Leadership · Curriculum · Lifelong Learning

While attending my district’s WCPSSITLMS Convergence Learning Symposium three years ago, I was listening to George Couros present reasons why educators should build their own digital portfolio. Online features would include a professional profile as an about.me page, sharing resources through social media, and reflecting on our experiences through blogging.

George framed the blogging process (on WordPress) using these four steps:

1) Write a Reflection (Blog)

2) Categorize by Standards

3) Tag with Keywords (No More Than 12)

4) Publish to Share

Later, George stressed the importance of reading, commenting, and sharing fellow educator’s blogs as well, often citing WCPSS‘s very own Bill Ferriter as an excellent exemplar of the interactive blogger with a great digital portfolio.

Supercharged and inspired, I took George’s advice and began my journey–from scratch. Believe it or not, it was a huge risk for me at the time. I was battling perfectionism, telling myself a story about how I wasn’t good enough to blog or try some of those famous-people, professional things. Those were only for the “Edu-Rock Stars.” With a little encouragement, help, and support from my PLN… I finally pressed publish.

Three years later, I’m reviewing my blogging journey thus far:

  • I’ve self-taught (and am still self-teaching) how to use WordPress.
  • I’ve composed over 140 blogs, although aiming for quality over quantity, and I’ve definitely not posted as much quality or quantity as the educator superstars.
  • I blog as a learning portfolio, to measure growth over time. Some perspectives have changed over the years. You may read a blog from one year ago that does not represent my current views. #HamstraHighlights is not a showcase space just to feature my best stuff, although some of it is included.
  • Blogging helps me process my experiences on a much deeper level than in the moment–and that’s exactly where my most meaningful, relevant, and memorable learning has occurred.
  • When I submit a conference, article, chapter, or book proposal–it’s on a topic on which I’ve already blogged. That’s because my deepest processing, researching, and reflecting has already come from the heart in the blogging process.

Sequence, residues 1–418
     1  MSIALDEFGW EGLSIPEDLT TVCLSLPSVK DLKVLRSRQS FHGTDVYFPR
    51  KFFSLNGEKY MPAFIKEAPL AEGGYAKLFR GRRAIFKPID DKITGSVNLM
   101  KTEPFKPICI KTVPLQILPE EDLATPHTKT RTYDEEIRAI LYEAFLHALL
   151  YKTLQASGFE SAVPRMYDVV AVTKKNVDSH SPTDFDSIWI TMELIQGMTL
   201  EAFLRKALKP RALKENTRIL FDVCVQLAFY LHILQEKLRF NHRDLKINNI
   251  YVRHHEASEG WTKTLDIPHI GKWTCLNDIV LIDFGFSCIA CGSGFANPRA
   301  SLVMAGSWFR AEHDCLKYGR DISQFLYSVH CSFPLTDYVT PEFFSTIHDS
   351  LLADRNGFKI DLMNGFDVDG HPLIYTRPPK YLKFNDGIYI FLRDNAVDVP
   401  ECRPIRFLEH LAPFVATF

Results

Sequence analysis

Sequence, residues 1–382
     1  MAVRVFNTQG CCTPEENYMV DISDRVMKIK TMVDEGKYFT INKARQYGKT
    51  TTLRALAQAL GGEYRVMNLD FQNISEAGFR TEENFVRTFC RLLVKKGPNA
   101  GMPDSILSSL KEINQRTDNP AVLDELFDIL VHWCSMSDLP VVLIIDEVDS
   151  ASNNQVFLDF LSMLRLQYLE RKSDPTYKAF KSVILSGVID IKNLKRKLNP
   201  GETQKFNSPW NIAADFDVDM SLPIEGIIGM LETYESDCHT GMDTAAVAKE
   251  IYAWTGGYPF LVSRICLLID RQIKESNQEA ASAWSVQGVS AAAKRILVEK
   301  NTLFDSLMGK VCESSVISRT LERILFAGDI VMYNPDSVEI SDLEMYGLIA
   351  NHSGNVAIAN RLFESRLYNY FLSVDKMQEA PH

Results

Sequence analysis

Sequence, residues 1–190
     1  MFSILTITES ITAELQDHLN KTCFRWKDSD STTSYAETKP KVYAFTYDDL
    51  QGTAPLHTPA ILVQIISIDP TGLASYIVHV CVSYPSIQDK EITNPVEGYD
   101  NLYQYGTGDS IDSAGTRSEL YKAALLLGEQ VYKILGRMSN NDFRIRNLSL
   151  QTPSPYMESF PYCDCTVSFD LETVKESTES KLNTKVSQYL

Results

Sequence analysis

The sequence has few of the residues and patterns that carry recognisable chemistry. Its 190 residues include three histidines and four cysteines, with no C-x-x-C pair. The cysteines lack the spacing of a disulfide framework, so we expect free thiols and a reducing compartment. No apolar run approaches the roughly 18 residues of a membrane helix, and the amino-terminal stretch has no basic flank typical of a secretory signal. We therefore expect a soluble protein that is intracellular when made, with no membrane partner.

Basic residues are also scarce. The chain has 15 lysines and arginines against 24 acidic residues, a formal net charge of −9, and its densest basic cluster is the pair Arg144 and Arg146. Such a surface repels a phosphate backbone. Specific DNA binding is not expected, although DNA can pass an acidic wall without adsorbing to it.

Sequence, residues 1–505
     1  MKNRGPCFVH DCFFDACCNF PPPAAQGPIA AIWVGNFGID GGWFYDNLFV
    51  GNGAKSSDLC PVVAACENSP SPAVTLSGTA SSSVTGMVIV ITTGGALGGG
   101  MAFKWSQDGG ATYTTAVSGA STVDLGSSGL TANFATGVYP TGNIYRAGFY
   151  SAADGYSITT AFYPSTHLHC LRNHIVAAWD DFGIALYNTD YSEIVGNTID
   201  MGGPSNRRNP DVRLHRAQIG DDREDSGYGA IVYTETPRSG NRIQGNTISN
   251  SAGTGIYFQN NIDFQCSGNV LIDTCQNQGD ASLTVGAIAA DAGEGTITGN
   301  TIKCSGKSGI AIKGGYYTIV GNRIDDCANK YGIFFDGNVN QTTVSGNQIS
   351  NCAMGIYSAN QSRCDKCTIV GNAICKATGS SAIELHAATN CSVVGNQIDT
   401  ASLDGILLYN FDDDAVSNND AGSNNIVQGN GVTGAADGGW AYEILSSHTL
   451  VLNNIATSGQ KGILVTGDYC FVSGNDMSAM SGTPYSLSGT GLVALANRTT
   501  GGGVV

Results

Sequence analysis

• Blogging forces me to do my research and cite my sources.
  • Blogging helps me find my style, arrange parts of speech, and check my grammar.
  • Always a work-in-progess, building my own website and portfolio has created an amazing sense of ownership. I didn’t know it would be rewarding in this way. This is my space where I tell the world who I am and what I’m about. It’s where I share my life and career experiences, including my imperfections. It’s where I open myself up to feedback–for better or worse–to grow and become better as a person and professional. It’s where I welcome your comments and seek to comment on the thoughts and journeys of others as well.

But here’s one advantage about “Why I Blog” that I didn’t foresee:

Look back at this step: 2) Categorize by Standards.

When I get to categorize my experiences by my North Carolina Professional Teaching Standards, it has helped me reflect upon my practices as a fifth grade teacher and STEM Specialist. While striving to meet the needs of the whole child, I’m able to think through my purpose as a facilitator of student learning.

Now halfway through my Masters in School Administration (MSA) journey, I’ve been assigned to compose weekly reflections and categorize them by the North Carolina Standards for School Executives, including the corresponding practices and competencies.

I was very familiar with this process of reflecting–and matching standards to my practices.

But I wasn’t familiar with actually applying the standards of another position I haven’t done. This awareness has changed my perspective.

When I first started blogging–what if I had chosen to also categorize my reflections by my administrator’s standards, too? I mean, there would have been a ton of value in my knowing what’s required of my principals from my classroom teacher perspective.

It doesn’t stop there.

I believe that’s a ton of value in reflecting on your practice.

I believe there’s a ton of value in educators creating and maintaining their own digital portfolio before requiring students to do the same.

I believe that’s a ton of value in knowing the standards of your fellow colleagues.

How well do we really know the expectations for our…

  • Administrators?
  • Other Grade Levels?
  • Technology Services (Which are Many)?
  • Media Center Coordinators (Librarian Teachers)?
  • Specialists?
  • Counselors, Psychologists, and Social Workers?
  • Central Services Personnel?

With empathy, perspective, and compassion literally rounding out the bank of educational buzzwords to address the needs of the whole child, I think there’s a ton of value in realizing interdepartmental, vertical alignment. Together.

What do you think?

What are your thoughts? Comment here!

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